The Laundromat fails at becoming anything greater

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Now I’m not usually one for sports metaphors, but let me give this a try. Sometimes there is a team that is so stacked, their roster filled with the best players the sport has to offer, and they still lose the game. You are disappointed because you were expecting to cheer your favorite players on the victory, but instead, you wallow in defeat.

That is a pretty concise way to put The Laundromat

The newly released Netflix film centers on a widowed woman, Ellen Martin (Meryl Streep), dealing with the wake of the untimely death of her husband. On top of the loss of a loved one, Ellen also has to deal with the fact that she is left without a settlement. This sends her on a quest to uncover the roots of a fake insurance policy, bringing her to many different places where she meets many different people.

Not only does the film star the arguable queen of cinema, but many other familiar faces are also peppered throughout the film. Decorated veterans like Gary Oldman, Antonio Banderas, James Cromwell, David Schwimmer, and Jeffrey Wright, just to name a few, make their appearances.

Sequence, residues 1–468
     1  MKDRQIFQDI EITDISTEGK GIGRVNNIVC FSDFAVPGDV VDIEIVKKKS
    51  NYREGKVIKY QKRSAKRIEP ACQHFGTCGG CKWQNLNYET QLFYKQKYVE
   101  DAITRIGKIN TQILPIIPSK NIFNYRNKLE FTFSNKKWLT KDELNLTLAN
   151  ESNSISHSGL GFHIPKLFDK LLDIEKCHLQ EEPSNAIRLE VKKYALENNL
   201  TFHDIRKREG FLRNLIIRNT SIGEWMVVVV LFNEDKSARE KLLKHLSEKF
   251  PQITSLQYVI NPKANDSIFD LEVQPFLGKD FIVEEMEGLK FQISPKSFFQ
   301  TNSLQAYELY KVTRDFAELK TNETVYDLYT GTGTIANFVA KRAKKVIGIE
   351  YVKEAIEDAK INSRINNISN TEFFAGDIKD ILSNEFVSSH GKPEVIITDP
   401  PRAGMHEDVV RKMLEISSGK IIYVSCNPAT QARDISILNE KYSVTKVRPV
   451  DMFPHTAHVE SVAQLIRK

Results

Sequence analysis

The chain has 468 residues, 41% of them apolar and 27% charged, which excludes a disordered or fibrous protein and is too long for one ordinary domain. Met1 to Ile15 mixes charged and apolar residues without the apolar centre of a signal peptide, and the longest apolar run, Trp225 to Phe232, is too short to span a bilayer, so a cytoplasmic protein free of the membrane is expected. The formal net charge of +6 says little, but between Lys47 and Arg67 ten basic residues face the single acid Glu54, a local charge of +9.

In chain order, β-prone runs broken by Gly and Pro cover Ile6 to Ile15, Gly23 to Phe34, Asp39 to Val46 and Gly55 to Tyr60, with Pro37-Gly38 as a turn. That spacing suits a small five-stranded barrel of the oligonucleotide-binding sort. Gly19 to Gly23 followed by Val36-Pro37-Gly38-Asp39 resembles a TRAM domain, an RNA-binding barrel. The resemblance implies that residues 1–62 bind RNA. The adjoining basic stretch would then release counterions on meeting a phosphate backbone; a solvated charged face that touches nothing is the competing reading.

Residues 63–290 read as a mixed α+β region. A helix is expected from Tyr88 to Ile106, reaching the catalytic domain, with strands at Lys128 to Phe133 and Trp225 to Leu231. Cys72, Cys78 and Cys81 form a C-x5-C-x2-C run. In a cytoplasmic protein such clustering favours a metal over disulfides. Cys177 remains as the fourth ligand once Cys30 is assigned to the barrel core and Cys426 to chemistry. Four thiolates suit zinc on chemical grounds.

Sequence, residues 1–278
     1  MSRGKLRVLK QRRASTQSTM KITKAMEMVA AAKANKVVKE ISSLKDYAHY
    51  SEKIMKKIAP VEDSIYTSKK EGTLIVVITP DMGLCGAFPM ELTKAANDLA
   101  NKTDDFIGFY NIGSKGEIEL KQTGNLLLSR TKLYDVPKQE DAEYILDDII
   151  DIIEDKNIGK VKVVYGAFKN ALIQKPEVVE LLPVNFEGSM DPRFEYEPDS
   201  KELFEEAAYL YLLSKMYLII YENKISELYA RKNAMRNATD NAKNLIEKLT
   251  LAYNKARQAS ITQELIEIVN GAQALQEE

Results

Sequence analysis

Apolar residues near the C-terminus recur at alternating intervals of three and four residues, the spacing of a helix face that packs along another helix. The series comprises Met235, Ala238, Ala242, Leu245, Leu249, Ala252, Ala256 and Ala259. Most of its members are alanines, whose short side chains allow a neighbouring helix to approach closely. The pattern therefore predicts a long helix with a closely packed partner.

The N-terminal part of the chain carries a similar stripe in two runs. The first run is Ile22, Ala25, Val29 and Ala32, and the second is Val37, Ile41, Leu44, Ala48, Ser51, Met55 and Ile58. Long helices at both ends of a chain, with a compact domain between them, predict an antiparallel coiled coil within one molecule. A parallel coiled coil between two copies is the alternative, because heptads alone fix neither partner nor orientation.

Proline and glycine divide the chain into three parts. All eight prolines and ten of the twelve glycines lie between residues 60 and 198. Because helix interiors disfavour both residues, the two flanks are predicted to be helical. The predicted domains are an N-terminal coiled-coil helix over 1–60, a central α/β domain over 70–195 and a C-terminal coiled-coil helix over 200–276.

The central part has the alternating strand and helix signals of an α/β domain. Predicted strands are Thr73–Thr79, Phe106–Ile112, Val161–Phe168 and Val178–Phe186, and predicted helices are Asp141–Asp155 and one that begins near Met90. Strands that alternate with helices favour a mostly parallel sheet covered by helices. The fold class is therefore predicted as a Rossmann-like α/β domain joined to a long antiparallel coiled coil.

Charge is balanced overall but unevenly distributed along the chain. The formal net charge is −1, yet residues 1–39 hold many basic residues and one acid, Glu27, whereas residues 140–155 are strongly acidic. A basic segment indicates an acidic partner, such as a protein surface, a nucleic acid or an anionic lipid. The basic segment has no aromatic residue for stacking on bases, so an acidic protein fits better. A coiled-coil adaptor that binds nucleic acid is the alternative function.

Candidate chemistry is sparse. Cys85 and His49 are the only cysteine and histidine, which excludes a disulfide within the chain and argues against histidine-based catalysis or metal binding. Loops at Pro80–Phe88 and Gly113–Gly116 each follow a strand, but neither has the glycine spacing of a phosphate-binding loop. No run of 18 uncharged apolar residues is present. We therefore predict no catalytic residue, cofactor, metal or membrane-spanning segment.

The actors and actress featured in the movie have all been their fair share of excellent films before, but the director was no newbie either. The movie was directed by Steven Soderbergh, the three-time academy award nominee, and one-time winner Steven Soderbergh. 

So I would like to think that it goes without saying that my expectations, while not sky high, were at least preparing me to watch a film that I could appreciate and want to watch again.

Spoiler alert: it was not a film I appreciated, nor a film I wanted to watch again.

It was just so meaningless.

The plot required me to think deeper, something that I would have been willing to do if I felt there would be a payoff. I just did not feel a real tug to the character or something that kept me watching, other than finishing the movie so I could review it.

I understand that I have to be mindful when critiquing acting gods and goddesses, and truly it is not the actor’s portrayal I have a problem with. It was the writing. That, along with editing, are two aspects of a movie that should only be noticeable if they are fantastic or if they are terrible. If a movie’s writing and editing are just mediocre, they should blend into the fabric of the movie seamlessly. But if the writing is bad it sticks out like a stain on that movie’s fabric.

While there were no glaring mistakes made by the movie, there just seemed to be nothing done exceptionally well. The thought of how much potential the cast held was the cruelest aspect of watching the film. It was the tangible notion of what the movie could be that soured my opinion.

The Laundromat was nothing exciting, nothing revolutionary, and really nothing special.

What it was were a couple of hours that I will never get back.

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